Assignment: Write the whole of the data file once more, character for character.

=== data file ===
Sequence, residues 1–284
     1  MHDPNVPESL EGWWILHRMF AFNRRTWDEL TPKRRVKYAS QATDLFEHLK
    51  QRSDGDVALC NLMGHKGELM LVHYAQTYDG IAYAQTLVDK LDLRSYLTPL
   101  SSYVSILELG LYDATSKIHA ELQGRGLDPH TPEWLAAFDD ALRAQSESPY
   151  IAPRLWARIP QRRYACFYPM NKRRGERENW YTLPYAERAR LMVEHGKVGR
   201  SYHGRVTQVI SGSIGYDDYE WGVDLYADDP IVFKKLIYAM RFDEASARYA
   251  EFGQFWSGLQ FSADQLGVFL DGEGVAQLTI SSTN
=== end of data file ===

Sequence, residues 1–284
     1  MHDPNVPESL EGWWILHRMF AFNRRTWDEL TPKRRVKYAS QATDLFEHLK
    51  QRSDGDVALC NLMGHKGELM LVHYAQTYDG IAYAQTLVDK LDLRSYLTPL
   101  SSYVSILELG LYDATSKIHA ELQGRGLDPH TPEWLAAFDD ALRAQSESPY
   151  IAPRLWARIP QRRYACFYPM NKRRGERENW YTLPYAERAR LMVEHGKVGR
   201  SYHGRVTQVI SGSIGYDDYE WGVDLYADDP IVFKKLIYAM RFDEASARYA
   251  EFGQFWSGLQ FSADQLGVFL DGEGVAQLTI SSTN